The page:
MaaS: time to adjust expectations
For a few years already, starting in less disruptive pre-covid times, MaaS, or ‘Mobility-as-a-Service’ has been promoted as the best thing since sliced bread. MaaS has been publicised as flexible, sustainable, affordable and “what the new generation of employees want.”
It’s uptake, however, has been disappointing (some rare exceptions aside) and MaaS has now lost its place in the priority ranking of fleet managers to make space for sustainability.
What has gone wrong? Were the expectations too high and will MaaS disappear entirely, or is it worth giving it another go?
What is expected from corporate MaaS?
MaaS started off with the wrong promise. It was promoted as a business product that would ultimately become an alternative to the company car. It’s from here that it started to go wrong. Let’s list the elements that are required to call anything a corporate solution.
- Easiness of use: employees go to a single platform to plan and book their journey; the concept of “super app” originates here.
- Policy compliance: employees only have policy-compliant choices of transportation to select from.
- Transactions managed end-to-end: fully automated from trip request to approval to transaction processing (allocation to General Ledger/Cost Centre).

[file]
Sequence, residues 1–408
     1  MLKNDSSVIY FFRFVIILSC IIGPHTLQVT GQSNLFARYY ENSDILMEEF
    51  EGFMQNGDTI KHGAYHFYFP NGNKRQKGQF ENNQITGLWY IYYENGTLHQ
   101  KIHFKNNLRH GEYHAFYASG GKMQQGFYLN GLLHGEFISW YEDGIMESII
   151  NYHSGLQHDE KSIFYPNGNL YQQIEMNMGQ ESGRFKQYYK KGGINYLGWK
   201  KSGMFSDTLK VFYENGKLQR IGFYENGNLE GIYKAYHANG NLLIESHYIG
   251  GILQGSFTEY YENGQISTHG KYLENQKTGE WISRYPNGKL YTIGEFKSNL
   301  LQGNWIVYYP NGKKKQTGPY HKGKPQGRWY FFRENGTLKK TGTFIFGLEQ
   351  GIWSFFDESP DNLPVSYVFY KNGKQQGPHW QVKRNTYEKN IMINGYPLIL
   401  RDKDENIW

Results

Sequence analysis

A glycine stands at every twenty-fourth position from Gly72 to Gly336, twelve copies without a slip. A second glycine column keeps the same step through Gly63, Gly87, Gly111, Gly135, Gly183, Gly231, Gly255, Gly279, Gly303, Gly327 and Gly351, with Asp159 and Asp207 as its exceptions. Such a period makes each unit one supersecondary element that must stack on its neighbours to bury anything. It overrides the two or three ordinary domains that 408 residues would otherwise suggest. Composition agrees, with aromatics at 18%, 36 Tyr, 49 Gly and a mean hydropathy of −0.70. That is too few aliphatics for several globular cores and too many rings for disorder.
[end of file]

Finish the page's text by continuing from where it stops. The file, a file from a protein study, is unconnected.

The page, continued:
- Budget/Payment processing: trips need to be deducted from employees’ budgets and payments processed based on digital transaction files; this includes payment terms in line with procurement standards.
- Zero business disruption: at no time will an employee have to wait for transportation and they will not spend more time using MaaS as they would a company car.
- Scalable: corporate fleet managers try to avoid excessive supply chain complexity and benefit from consolidation.
When offsetting the corporate promise against the deliverables, there’s an obvious flaw. No provider has been able to comply with the requirements or even come close to making it work.
- MaaS has a future, as long as its expectations are in line with its true potential. As such:
- MaaS is not there to replace the company car, but replace the company car for certain trips only, inner-city transportation, for instance.
- A scalable “super app” does not yet exist in Europe, but alternatives are available on city/area level.
- Consolidated transaction and payment processing cannot be expected from the MaaS provider, but must be dealt with through internal processes, e.g., concur expense policies.
The use case for MaaS is a carefully handpicked and well prepared one; it focuses on a specific type of transportation (e.g., inner-city traffic, connected commutes) and solves specific problems (e.g., sustainability, parking, traffic jams). Within these parameters, MaaS has the potential to find uptake and continue growing as a corporate solution.
To know more about the advantages and the implementation of MaaS within your company, check out our free to download Fleet Europe E-Book - Mobility-as-a-Service.